It was not long ago when cellular devices were fashioned to make calling and staying in touch easier. The mobile culture soon saw rush of cost effective plans and handsets that bought in the missed call culture and then the SMS culture. It is only in the last few years that mobile has seen immense technological growth, which made it an ecosystem in itself that now has TG, brands, measurement and security.
According to a report by eStatsIndia, mobile internet users in 2011 were 10 per cent of the total internet using population. Thus, out of a 74 million user base, almost 15 million users accessed internet through their cellular device. Also, the country had 17.59 million internet buyers in 2011, out of which there were six million mobile internet buyers and one million pure mobile internet buyers.
However, the past one year witnessed such a boost in the mobile ecosystem that consumption of data through mobile increased phenomenally.
As per the report, while internet users in India will witness a healthy growth to reach 151 million by 2014, mobile internet users will increase from 10 million to 32 million in 2014. The pure mobile internet users will also grow from two million at YE 2012 to reach six million at YE 2014. On an average 80 per cent of these mobile internet buyers are dual users and are not ‘mobile only’ or ‘pure mobile’ internet buyers.
In spite of mobile being in a nascent stage, the medium’s growth is testimony to its strong future. With a huge chunk of audiences referring to their mobile device as a primary screen for various purposes, the medium has exhibited immense potential. However, there are a number of issues such as spectrum, content services on offer and ARPU-related issues that hold the medium back.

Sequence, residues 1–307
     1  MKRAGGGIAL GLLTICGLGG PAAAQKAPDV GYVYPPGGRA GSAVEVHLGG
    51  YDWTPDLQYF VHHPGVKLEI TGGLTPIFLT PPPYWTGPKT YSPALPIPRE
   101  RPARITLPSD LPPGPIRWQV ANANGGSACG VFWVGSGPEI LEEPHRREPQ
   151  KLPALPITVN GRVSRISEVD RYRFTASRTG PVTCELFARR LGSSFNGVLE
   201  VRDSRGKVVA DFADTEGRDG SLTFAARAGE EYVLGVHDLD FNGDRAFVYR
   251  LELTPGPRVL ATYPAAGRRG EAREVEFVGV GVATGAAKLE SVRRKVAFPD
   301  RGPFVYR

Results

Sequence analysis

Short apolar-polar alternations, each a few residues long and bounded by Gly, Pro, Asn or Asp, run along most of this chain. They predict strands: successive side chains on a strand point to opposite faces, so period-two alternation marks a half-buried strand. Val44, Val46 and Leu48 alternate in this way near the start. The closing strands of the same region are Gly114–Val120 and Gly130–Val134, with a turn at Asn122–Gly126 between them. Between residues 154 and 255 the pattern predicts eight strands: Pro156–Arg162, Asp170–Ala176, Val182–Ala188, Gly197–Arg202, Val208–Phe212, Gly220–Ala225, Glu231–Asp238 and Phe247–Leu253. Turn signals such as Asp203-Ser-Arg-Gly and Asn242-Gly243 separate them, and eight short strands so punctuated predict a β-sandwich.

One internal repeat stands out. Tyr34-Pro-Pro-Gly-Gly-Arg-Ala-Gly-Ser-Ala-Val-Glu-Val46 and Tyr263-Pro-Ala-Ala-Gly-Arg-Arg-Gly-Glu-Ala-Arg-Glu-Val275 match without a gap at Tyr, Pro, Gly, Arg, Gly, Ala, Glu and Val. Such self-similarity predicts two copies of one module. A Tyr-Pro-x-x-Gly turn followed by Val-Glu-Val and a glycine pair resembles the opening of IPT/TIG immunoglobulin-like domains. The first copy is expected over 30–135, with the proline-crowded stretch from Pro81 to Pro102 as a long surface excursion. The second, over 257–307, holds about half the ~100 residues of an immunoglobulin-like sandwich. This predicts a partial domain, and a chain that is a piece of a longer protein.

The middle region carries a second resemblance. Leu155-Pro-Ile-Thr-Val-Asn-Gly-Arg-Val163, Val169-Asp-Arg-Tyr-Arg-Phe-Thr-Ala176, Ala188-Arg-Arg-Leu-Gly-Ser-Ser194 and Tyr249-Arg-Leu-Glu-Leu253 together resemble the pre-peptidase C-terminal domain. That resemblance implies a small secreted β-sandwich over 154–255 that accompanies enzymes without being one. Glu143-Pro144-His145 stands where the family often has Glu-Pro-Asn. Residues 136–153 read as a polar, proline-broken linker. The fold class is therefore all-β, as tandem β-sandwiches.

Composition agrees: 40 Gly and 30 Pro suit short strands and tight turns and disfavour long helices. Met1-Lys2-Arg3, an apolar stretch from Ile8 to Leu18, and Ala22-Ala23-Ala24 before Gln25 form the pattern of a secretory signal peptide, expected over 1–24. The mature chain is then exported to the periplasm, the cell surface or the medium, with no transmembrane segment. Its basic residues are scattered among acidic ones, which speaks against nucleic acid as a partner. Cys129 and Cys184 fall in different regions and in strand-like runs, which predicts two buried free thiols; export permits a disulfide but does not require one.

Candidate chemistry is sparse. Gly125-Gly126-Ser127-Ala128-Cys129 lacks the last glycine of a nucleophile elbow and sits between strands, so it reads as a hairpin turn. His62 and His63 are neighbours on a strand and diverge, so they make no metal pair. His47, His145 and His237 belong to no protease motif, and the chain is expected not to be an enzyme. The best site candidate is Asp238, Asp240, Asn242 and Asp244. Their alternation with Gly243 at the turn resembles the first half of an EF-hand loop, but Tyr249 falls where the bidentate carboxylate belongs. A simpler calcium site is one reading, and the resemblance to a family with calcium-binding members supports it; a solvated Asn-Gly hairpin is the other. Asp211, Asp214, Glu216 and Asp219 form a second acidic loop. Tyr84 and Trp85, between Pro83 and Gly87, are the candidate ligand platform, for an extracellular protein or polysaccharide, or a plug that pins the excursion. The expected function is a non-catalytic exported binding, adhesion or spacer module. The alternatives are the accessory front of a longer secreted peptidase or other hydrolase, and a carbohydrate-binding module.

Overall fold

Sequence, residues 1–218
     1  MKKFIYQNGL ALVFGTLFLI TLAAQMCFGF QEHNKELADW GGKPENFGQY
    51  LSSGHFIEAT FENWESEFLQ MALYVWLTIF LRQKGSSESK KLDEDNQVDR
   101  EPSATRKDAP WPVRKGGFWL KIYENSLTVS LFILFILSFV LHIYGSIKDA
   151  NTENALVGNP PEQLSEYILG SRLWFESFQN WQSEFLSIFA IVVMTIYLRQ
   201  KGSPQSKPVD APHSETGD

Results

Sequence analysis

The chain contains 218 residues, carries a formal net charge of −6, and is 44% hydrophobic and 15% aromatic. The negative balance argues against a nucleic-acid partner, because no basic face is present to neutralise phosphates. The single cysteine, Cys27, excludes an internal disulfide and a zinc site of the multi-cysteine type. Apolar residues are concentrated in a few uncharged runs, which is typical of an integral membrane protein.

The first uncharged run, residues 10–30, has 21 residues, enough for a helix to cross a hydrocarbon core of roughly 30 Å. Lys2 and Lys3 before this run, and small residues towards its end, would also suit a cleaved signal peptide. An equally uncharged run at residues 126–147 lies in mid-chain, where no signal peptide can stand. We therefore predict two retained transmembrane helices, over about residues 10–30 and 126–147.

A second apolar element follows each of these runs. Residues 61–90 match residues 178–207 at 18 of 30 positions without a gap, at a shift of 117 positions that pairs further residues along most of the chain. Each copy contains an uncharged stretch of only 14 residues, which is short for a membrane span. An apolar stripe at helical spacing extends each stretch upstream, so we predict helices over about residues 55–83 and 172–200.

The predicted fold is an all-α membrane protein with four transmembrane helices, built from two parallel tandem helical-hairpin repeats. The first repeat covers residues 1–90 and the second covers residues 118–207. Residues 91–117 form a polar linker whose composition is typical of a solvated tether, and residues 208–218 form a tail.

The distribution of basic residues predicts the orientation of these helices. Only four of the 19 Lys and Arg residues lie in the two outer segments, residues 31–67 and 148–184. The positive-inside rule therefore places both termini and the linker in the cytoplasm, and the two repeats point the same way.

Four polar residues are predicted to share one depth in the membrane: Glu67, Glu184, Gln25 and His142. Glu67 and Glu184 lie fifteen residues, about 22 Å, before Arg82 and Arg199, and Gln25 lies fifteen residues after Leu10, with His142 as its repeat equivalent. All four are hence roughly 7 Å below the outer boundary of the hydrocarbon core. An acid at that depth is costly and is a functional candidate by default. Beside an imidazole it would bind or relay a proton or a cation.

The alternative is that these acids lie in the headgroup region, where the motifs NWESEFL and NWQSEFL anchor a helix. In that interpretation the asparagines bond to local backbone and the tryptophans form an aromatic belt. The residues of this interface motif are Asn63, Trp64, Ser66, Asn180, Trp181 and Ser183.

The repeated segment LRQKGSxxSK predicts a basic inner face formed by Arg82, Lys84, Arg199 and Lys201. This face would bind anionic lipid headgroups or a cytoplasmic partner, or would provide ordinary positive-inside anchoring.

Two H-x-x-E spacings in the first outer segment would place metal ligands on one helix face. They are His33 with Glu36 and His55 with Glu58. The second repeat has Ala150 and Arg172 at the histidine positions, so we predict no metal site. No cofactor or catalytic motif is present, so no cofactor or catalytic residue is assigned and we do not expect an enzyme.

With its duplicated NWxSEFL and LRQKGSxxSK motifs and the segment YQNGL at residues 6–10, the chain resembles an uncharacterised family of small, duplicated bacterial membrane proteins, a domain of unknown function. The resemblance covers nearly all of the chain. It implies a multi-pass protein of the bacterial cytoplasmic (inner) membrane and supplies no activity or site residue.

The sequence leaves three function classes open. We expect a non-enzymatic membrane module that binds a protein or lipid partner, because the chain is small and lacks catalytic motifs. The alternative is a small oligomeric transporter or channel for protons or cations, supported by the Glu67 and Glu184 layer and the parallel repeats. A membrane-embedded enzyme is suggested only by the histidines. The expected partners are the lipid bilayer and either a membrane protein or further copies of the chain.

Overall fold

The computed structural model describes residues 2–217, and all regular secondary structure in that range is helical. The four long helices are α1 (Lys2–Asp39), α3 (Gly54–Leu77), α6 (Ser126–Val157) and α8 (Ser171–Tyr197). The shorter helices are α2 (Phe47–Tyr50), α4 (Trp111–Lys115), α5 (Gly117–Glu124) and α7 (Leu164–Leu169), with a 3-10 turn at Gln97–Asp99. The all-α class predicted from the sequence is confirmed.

Hurdles in the mobile ecosystem
Spectrum became a cursed word for not only mobile, but the entire Indian economy since the 2G scam. The mobile ecosystem has been witnessing hurdles, especially from telecom point of view, due to spectrum related issues.
“The regulators have provided limited spectrum to telcos and that too on bid prices, which are also set high, making the service access (data charges and speed) expensive for the end users,” said Manish Mishra, VP Business Development and Country Manager, BuzzCity.
Mishra pointed out that keeping in mind the current mobile penetration and data usage in the country, regulators need to widen the telco spectrum with reduced prices; it will surely be a catalyst to the growth of the overall mobile sector. “Although it may result in reduced revenues for the regulator, but with the growing demand of data services from the remotest places, a balanced approach can help meet expectations at both ends,” added Mishra.
Content on offer on mobile has been a major issue for a very long time now. Users often find it difficult to access free content on their devices. While they still can get general English and Hindi content online, there is a special demand for regional and niche content. Lack of an acceptable monetisation model does not encourage content creators as well to take up the medium, thus creating a huge need gap.
ARPU-related issues are mainly from the VAS end. “I guess it’s the voice ARPU that is decreasing and reportedly the ARPUs from VAS have been growing for majority of telcos,” explained Mishra.
Mobile is without a doubt the medium of future. However, the ecosystem is now in its trial and error phase and needs time to bloom. With the increasing number of mobile internet users, brands and mobile players will sooner or later come up with solutions, as such gold mines are never left untapped.